W3C home > Mailing lists > Public > www-style@w3.org > March 2015

Re: [css-text] pre-wrap and white space processing

From: Florian Rivoal <florian@rivoal.net>
Date: Sat, 21 Mar 2015 14:07:23 +0100
Cc: fantasai <fantasai.lists@inkedblade.net>, www-style <www-style@w3.org>
Message-Id: <D5DE724A-F45D-479A-8289-CFC3F9E3C8DB@rivoal.net>
To: robert@ocallahan.org
Hi,

We discussed this white-space:pre-wrap topic on a recent teleconf, but failed to reach a good conclusion. One reason was that I tried to make an analogy with text editors and word processors, but there's so much variation there that this was counter productive.

An other reason was that we got confused at what the various behaviors were, and after further investigation, it turns out that they are not exactly what I thought they were (but they're still not interoperable).

Finally, Rossen and Smfr said they weren't too interested in changing what they currently have. However, what we currently have in IE vs Firefox vs Safari and Chrome isn't interoperable, so preserving the status quo would be unfortunate.

So Let's try again.

Note that word-wrap is also known by its better and newer name overflow-wrap, but to reduce context-switching mental overhead between this mail and writing tests/experiments, I'll use the old name in this mail since the new name isn't supported everywhere yet.

=== TL;DR
1) IE/Chrome/Safari wrap the same way, but don't collapse spaces the same way. Firefox and IE handle space collapsing the same way (don't collapse), but wrap differently.

2) Firefox seems to have a spec violation on word-break:break-all which other browsers don't have, but which results in a nice behavior.

3) The definition of word-wrap:break-word is ambiguous, and IE understands it differently in regular elements vs in a textarea, with one approach matching what firefox does and the other not (and we can't know about Chrome/Safari due to their different space collapsing behavior).

4) All these things interact, resulting in no interop, with various browsers exposing different useful behaviors in different case, but no browser having all the useful behaviors.

5) I have a suggestion (last section in this mail)


=== Details of browser behaviors.
Let's look at what happens with the following two strings:
"Hello    World             Bye"
"Hello    Universe             Bye"
and styling them with white-space:pre-wrap (representing preserved white space with _ and the limits of the content area with |)

==== Firefox (36) will do this:

|Hello____      |
|World__________|___
|Bye            |

|Hello____      |
|Universe_______|______
|Bye            |

The reason why Firefox wraps where it does is that it treat these spaces as &nbsp;s, as prescribed in http://dev.w3.org/csswg/css-text-3/#white-space-phase-1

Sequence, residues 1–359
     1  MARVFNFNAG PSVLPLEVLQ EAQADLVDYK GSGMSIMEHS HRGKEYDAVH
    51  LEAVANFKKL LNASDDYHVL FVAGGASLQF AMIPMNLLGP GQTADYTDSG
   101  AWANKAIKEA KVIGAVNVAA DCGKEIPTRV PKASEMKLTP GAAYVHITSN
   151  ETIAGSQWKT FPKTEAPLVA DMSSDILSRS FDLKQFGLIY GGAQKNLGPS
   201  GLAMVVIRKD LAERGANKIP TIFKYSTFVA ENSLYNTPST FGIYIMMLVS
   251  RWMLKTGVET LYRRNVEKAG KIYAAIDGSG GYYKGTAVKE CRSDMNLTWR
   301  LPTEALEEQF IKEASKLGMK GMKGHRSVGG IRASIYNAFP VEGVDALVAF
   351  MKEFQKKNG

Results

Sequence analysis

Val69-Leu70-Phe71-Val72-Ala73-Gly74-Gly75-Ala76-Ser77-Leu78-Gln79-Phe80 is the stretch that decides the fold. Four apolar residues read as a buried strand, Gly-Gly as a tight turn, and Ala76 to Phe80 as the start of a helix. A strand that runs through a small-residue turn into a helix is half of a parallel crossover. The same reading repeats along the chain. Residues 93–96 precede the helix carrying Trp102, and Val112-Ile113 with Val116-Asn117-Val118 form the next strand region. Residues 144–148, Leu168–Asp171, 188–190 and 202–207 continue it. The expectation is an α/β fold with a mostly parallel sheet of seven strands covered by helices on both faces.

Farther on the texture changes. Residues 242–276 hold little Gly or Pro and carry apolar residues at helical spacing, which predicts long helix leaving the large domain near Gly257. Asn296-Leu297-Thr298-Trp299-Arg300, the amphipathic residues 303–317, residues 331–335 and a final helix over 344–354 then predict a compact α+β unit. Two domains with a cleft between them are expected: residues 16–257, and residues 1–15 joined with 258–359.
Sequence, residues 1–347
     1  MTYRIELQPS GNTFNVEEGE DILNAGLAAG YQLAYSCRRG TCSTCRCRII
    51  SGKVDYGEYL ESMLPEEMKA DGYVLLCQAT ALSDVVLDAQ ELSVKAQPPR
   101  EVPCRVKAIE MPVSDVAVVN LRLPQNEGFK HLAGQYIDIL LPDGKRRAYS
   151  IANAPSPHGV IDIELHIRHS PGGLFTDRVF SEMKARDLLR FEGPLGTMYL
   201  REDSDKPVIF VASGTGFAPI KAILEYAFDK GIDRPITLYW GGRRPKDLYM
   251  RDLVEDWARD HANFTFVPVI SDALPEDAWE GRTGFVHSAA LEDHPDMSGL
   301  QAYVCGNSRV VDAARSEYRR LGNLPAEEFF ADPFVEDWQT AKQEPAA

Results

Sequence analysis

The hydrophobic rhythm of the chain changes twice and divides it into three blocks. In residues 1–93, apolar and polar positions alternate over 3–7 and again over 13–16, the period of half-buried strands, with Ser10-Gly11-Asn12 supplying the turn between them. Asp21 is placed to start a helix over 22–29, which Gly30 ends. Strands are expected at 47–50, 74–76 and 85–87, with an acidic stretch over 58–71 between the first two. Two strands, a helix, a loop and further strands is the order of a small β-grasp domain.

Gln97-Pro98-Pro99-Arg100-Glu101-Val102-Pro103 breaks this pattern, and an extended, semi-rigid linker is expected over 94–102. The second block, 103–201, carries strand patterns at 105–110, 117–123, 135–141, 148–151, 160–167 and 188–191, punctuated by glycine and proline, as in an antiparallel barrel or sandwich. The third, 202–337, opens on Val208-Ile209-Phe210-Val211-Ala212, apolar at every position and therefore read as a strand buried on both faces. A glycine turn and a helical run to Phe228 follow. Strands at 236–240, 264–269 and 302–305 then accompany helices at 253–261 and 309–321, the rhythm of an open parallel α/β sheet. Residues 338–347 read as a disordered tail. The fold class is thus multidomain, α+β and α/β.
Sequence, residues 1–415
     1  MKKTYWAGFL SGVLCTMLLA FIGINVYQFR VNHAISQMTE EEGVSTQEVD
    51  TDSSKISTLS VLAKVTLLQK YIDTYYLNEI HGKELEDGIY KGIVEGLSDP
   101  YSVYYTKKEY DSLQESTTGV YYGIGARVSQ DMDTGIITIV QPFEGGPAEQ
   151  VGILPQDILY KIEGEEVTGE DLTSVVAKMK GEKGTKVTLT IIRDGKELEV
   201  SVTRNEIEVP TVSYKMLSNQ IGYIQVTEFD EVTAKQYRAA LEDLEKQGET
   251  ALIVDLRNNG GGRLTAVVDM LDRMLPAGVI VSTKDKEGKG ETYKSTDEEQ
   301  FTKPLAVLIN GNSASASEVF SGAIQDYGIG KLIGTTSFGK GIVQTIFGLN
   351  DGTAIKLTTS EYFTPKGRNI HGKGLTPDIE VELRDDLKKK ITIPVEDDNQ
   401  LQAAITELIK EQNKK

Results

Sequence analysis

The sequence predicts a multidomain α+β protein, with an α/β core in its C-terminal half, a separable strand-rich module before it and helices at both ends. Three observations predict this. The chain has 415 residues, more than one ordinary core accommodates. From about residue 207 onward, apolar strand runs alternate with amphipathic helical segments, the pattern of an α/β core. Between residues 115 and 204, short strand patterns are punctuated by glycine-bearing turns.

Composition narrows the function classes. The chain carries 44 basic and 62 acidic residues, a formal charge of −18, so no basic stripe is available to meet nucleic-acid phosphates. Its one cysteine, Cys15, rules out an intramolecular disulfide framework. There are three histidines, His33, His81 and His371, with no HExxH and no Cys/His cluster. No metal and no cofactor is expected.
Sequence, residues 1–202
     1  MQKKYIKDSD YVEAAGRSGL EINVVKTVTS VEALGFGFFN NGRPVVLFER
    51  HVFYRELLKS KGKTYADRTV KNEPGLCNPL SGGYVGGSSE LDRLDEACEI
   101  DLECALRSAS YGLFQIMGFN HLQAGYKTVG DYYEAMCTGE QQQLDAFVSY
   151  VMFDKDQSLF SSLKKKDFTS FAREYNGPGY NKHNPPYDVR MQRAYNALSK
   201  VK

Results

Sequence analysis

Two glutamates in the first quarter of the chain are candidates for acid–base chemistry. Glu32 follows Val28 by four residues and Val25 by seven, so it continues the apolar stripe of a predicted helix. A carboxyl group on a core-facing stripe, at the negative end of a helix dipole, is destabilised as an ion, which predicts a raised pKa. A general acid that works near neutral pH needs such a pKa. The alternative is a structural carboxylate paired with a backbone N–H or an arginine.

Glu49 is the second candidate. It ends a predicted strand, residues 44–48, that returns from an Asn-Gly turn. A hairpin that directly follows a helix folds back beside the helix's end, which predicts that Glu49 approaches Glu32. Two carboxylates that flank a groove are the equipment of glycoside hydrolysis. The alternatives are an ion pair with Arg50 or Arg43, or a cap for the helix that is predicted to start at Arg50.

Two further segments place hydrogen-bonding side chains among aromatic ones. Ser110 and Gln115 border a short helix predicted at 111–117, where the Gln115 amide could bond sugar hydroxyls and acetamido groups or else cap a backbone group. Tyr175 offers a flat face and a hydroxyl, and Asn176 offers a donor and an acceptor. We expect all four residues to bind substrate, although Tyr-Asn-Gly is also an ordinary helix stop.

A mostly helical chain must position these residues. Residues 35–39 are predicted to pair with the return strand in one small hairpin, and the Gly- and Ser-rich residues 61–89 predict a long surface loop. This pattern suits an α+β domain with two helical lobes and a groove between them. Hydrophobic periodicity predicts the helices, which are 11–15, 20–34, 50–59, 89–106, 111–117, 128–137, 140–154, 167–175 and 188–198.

The wrapping is in my opinion not ideal, at least in the first example this there was room to fit "word" on the first line, but this behavior is fairly unsurprising when editing and adding spaces at the end of a line (either in a textarea or with contenteditable).

If you apply word-wrap: break-word, you get the following, which does not seem very nice to me, and which may or may not be spec compliant, as the spec does allows breaks in "words" but does not define what a "word" is and whether that includes &nbsp;s:

|Hello____      |
|World__________|
|___Bye         |

|Hello____      |
|Universe_______|
|______Bye      |


If you apply word-break:break-all, you get the following, which while nice, is probably not spec compliant in the first case, as break-all only allows additional breaks between typographic letter units, and &nbsp; isn't one.

|Hello____World_|
|____________Bye|

|Hello____Univer|
|se_____________|
|Bye            |

Once you account for the value of the word-wrap and overflow properties, the behavior in textareas is identical to divs.

==== IE (11) will do this
|Hello____World_|____________
|Bye            |

|Hello____      |
|Universe_______|______
|Bye            |

The first is nicer IMHO than firefox, but I cannot find a justification for it in the spec. The second one is the same as Firefox. This behavior is unsurprising when editing and adding spaces at the end of the line (that's a good thing).

If you apply word-wrap: break-word, nothing changes, which is not helpful, and may or may not be spec compliant since the spec is ambiguous as described above. IE takes the opposite interpretation from Firefox.

If you apply word-break:break-all, the first one stays unchanged, and the second one becomes the same as firefox, both of which seem expected given the definition of word-break:

|Hello____World_|____________
|Bye            |

|Hello____Univer|
|se_____________|
|Bye            |